Sex-scene experts help reshape Hollywood power dynamics in #MeToo era
Oct 10, 2022 - 10:22 AM
LOS ANGELES — Since Hollywood sex abuse revelations ignited the #MeToo movement five years ago, demand for on-set “intimacy coordinators” has soared — but resistance, power imbalances and a fear of saying “no” to sex scenes are deeply rooted in showbusiness, experts say.
A fledgling industry of professionals who choreograph intimate scenes, provide equipment to safeguard actors’ privates and discuss consent with filmmakers has grown rapidly since a 2017 investigation into Harvey Weinstein forced a wider reckoning.
“It has been an amazing difference, in that when it was first introduced, there was a lot of resistance from the industry — from directors, some actors, producers,” said Claire Warden, a New York-based intimacy coordinator.
Warden estimates around 60-80 experts are now working on sets, and she is working with Intimacy Directors and Coordinators (IDC) to quickly train more.
“After years of yelling into the void and pushing as hard as we could in the industry to educate,” the industry has started listening, she said.
Before 2017, intimacy directors existed primarily in theater, and were conspicuously absent in film and television, where actors were often isolated and reliant on wardrobe departments to improvise basic “modesty garments” to cover their genitalia in nude scenes.
One of the first major shifts came from HBO, which in the aftermath of the Weinstein allegations brought an intimacy expert onto the set of “The Deuce” — an explicit show about the porn industry in 1970s New York.
Since then, the network has expanded its policy to require intimacy coordinators on all its shows.
And at specialized equipment companies, strapless thongs, padded pouches and silicone “barriers,” as well as body tapes in various skin tones are all on offer.
In a recent Variety interview, 25-year-old “Euphoria” star Sydney Sweeney said she has “never felt uncomfortable” thanks to the constant presence of intimacy coordinators.
“It’s a very safe environment. I’m very fortunate that I am coming up during a time where there is so much thought in this process,” she said.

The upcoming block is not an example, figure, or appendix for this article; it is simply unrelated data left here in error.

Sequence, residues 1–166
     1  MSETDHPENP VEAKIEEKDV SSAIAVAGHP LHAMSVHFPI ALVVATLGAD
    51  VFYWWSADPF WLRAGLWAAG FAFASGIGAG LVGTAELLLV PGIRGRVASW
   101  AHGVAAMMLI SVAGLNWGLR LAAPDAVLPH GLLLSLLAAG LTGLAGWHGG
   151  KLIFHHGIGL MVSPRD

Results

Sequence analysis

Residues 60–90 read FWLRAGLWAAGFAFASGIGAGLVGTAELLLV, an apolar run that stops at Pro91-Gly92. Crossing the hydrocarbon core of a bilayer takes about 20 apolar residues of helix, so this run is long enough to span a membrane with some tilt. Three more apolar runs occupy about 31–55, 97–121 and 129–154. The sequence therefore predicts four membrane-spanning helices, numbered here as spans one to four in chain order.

“Even if you have agreed to something, they ask you on the spot on the day, ‘Did you change your mind? Because you can.’ It’s really nice.”
Like Warden, others in the industry argue the progress around consent is long-overdue, while recent events have shown that not all welcome the new roles.
In the same Variety interview, “Yellowjackets” actor Christina Ricci, 42, revealed that she once informed a movie set she was uncomfortable with an intimate scene, and “they threatened to sue me if I didn’t do it.”
“It’s not that actors suddenly started speaking up in 2017… We’ve been speaking for ages, just no one was listening,” said Warden.
“The industry was actively trying to silence those voices.”
Actors are often taught to ignore or forgo their right to consent, and that “no” is a “dangerous” word, she said.
“We are conditioned… that you will be called a diva. That you won’t get jobs, that no-one will work with you.”
Intimacy coordinators also told AFP they are still overcoming fears that their presence could stifle creativity, or expose cast and crew to the perils of “cancel culture.”
“Because of the historical backdrop of Harvey Weinstein, a lot of people were afraid that they were being perceived as predators,” said Jessica Steinrock, who has amassed half-a-million followers discussing intimacy coordinator work on TikTok.
Rather than acting as an arm of human resources, intimacy coordinators exist to reduce risk and improve performances in the same way a stunt coordinator does, she said.
“I think the exponential growth in the last few years has been painful for many but really rewarding overall,” Steinrock said.
Still, there are high-profile hold-outs.
Earlier this year, actor Frank Langella was fired from Netflix’s “The Fall of the House of Usher” for alleged unacceptable conduct on set including sexual harassment of an actress.
In a column for Deadline, he blasted an intimacy coordinator’s instructions about where he could touch the actress on her leg during an intimate scene as “absurd” and “ludicrous.”
“It undermines instinct and spontaneity,” he wrote.
But for Warden, reading that op-ed, “it is clear that his resistance does not come from lack of understanding.”
“That comes from a lack of willingness to consider other people’s consent. That comes from a toxic sense of entitlement.”
And, Steinrock said, intimacy coordinators alone cannot solve the type of harassment illustrated by Weinstein, whose abuses did not generally occur on film sets.
“The way we treat scenes of intimacy is going to have ripple effects in every other way, about how we talk consensually, how we prepare for things, how actors see their own bodily autonomy,” she said.
“But I think it’s important that we don’t treat intimacy coordinators as a panacea for all of the power and harassment and abuse of power that’s happened in the entertainment industry over the last century.”
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